Japan has the highest debt totals in the industrialized world. The Prime Minister of Japan was elected on a platform of re-inflating Japan's economy after 20 years of sideways movement. However, with the massive debt now in place, any move up in inflation will make the debt burdens intolerable.
First, the 10 year JGB yield shouldn't move above 2%. That's its 10-year peak, reached briefly in 2006.
Second, the major holders of JGBs should be watched, in order to see if they are starting to dump their JGB holdings. The notation is a little obscure; the chart lists JGB holdings for all the major players in trillions of yen. The biggest group are the Depository Corporations - i.e. bank-like entities, second are insurance companies, third are domestic non-financial entities (regular companies, households, etc), and fourth is the BOJ itself.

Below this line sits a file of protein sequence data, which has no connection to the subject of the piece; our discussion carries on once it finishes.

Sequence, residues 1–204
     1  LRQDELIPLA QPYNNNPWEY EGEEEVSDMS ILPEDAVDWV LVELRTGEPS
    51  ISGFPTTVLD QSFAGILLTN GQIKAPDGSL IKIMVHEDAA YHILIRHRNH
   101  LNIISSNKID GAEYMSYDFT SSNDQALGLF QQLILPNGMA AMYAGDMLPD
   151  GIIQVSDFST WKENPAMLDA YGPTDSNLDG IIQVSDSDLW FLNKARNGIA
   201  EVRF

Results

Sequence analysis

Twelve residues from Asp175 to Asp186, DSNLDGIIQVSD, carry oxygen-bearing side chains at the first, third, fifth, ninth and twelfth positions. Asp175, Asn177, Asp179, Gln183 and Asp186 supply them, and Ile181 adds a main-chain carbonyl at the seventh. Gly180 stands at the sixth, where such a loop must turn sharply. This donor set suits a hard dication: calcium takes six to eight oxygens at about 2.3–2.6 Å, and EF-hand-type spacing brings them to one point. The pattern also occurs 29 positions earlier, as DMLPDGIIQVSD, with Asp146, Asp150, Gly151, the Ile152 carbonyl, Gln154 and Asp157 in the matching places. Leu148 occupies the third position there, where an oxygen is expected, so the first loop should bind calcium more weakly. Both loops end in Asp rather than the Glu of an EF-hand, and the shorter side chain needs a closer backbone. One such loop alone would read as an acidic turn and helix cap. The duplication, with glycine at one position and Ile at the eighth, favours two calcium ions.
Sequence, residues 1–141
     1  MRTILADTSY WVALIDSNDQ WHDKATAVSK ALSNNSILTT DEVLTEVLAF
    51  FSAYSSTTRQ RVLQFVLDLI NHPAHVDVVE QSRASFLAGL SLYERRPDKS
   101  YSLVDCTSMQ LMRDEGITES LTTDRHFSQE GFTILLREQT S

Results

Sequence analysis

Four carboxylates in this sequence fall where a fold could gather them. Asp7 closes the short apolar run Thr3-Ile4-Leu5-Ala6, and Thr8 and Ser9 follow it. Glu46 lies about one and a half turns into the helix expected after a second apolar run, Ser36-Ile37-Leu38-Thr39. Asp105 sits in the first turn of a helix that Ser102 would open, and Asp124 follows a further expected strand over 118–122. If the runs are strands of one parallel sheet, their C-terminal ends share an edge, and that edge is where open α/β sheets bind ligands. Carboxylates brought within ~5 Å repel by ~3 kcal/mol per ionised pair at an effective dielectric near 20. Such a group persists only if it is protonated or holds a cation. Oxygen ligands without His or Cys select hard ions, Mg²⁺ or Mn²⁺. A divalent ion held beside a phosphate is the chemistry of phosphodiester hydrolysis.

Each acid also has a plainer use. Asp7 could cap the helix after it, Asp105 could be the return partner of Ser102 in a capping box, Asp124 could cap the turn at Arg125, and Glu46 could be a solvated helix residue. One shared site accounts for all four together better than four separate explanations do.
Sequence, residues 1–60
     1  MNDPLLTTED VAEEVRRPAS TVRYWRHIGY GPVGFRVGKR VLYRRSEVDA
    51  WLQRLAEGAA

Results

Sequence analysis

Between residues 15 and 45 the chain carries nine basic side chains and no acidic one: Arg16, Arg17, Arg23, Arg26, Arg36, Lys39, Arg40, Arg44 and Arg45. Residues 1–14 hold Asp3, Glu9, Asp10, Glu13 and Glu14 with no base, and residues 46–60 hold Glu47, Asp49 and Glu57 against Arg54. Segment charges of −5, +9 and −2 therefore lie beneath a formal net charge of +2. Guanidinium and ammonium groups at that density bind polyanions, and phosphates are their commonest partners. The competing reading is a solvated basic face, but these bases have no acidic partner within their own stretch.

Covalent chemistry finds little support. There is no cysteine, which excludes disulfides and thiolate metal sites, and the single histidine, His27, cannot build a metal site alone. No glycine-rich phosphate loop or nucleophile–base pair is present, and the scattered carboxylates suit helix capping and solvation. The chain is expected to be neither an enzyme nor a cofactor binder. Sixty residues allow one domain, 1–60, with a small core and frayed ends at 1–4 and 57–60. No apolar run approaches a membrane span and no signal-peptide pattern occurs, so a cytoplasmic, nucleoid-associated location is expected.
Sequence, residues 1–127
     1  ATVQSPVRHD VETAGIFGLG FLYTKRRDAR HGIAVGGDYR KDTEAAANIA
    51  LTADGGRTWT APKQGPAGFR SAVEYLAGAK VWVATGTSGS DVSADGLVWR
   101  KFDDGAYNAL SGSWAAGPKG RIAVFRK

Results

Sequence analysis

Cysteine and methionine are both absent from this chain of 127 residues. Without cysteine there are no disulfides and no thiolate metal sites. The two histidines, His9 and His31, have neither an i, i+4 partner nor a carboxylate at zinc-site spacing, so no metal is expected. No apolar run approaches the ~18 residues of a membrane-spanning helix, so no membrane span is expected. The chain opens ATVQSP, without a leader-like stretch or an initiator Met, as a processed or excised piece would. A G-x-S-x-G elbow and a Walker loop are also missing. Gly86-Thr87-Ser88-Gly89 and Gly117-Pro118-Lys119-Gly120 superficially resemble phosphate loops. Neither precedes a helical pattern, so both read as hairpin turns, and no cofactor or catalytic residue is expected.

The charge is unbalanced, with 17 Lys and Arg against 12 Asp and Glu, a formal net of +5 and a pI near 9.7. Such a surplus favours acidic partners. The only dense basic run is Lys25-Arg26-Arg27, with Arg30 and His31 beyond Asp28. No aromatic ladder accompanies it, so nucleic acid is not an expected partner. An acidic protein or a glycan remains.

Third, its probably instructive to look at the overall size of the debt bubble in Japan, to get a sense as to why there is an issue to be concerned about. To have a sense of the magnitude of Japan's debt burden, we compare it with the debt burden in the US, which peaked in 2008.
Last, in order to keep things afloat, Japan must run a trade surplus. Here is the current balance of trade: